Our firm has been hired by a woman who recently sustained a serious leg injury while walking back to her car from a company sponsored holiday party. The employer has refused to provide workers’ compensation benefits, claiming that the accident did not happen in the course and scope of employment.
While our firm handles both workers’ compensation and premises liability cases, we have agreed to pursue a premises liability action against the employer. (The accident happened on its property.) We believe that the employer and possibly others are responsible for creating an accident-causing dangerous condition.
We can proceed with a liability case against the employer because, by asserting the course-and-scope defense, it has waived workers’ compensation immunity. (Since we agree that the accident did not happen in the course and scope, even if the employer/carrier had accepted the accident as workers’ compensation compensable, we might have challenged that conclusion in order to pursue the liability case. See City of Miami v. Gutierrez, 979 So.2d 1028 (Fla. App., 2008) (City’s effort to hide behind workers’ compensation immunity rejected because the employee was engaged in a recreational activity, unrelated to the work she was hired to perform at the time of the accident.).)
Not every employee whose workers’ compensation claim has been denied has the option of pursuing a personal injury case. Personal injury cases require a duty and a breach of that duty (usually negligence) by the defendant. Negligence is often missing in accident cases involving employees.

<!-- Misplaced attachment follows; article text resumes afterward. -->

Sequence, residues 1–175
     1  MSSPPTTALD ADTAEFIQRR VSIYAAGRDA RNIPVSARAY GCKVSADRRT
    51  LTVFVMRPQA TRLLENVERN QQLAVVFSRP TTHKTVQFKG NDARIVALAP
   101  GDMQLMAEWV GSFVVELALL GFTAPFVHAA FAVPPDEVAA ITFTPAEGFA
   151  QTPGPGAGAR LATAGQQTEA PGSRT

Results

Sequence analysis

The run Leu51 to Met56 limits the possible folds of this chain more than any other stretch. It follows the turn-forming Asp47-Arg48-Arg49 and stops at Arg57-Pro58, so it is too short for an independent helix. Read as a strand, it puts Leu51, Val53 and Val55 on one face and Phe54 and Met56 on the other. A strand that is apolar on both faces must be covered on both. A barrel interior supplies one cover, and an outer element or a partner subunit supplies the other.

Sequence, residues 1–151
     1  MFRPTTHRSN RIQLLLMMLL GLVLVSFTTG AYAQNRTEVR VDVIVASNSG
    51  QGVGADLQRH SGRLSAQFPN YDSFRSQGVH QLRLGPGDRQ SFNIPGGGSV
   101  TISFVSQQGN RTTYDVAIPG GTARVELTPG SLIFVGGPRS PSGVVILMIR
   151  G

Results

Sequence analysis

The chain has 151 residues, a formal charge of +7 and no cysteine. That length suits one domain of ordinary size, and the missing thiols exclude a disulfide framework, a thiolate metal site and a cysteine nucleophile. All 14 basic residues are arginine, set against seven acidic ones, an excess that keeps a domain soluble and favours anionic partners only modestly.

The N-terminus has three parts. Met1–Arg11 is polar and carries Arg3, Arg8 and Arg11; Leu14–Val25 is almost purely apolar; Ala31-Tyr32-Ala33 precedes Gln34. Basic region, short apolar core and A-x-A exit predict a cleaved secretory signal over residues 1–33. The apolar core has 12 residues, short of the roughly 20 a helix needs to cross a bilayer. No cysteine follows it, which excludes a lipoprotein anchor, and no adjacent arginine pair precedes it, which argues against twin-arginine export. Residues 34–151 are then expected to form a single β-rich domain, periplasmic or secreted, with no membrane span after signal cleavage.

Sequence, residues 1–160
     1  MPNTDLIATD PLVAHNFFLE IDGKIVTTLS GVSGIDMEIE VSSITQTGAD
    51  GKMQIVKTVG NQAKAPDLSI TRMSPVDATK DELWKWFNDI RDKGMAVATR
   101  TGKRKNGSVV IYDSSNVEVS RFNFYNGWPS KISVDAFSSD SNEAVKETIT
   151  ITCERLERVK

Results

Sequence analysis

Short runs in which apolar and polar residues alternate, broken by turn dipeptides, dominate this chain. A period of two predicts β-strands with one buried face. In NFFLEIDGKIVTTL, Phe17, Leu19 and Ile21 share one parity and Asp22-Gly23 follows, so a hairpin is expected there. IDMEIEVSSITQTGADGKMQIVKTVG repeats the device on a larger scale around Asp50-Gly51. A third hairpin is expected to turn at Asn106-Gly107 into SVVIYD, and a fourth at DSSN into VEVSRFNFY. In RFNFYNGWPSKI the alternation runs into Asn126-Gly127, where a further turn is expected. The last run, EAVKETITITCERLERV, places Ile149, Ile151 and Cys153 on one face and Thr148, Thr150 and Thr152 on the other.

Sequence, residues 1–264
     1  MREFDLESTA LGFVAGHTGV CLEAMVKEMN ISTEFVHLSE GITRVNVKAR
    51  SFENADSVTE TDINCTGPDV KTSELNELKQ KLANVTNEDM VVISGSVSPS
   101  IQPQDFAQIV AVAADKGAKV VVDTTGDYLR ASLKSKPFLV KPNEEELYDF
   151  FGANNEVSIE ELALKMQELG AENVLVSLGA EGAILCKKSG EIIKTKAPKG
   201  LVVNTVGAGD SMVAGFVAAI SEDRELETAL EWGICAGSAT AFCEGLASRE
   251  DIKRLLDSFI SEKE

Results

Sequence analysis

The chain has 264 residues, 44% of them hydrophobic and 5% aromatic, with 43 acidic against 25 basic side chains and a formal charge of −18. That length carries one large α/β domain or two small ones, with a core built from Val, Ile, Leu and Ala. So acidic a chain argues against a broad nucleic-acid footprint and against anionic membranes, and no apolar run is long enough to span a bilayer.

Our client caught the heal of her shoe on a tree root as she was crossing over a swale to her car. The employer/property owner had not installed dedicated paths through the swale, leaving people to cross back and forth over uneven terrain. The accident happened at night.
Since not every employer has a viable personal injury case, what must an employee injured while involved in a company sanctioned event prove to receive workers’ compensation benefits?
The statutory answer is located in Section 440.092(1) Florida Statutes:
(1) RECREATIONAL AND SOCIAL ACTIVITIES.–Recreational or social activities are not compensable unless such recreational or social activities are an expressly required incident of employment and produce a substantial direct benefit to the employer beyond improvement in employee health and morale that is common to all kinds of recreation and social life.
Numerous appellate decisions have addressed the statute. After doing the research, we’ve concluded that our accident is excluded by the statute. The main reason why is because our client was not required or compensated to attend the after-hours party. It was a large party attended by hundreds of employees from various departments. While some departments may have required their employees to attend, our client’s department did not. She checked in, but only to gain admission.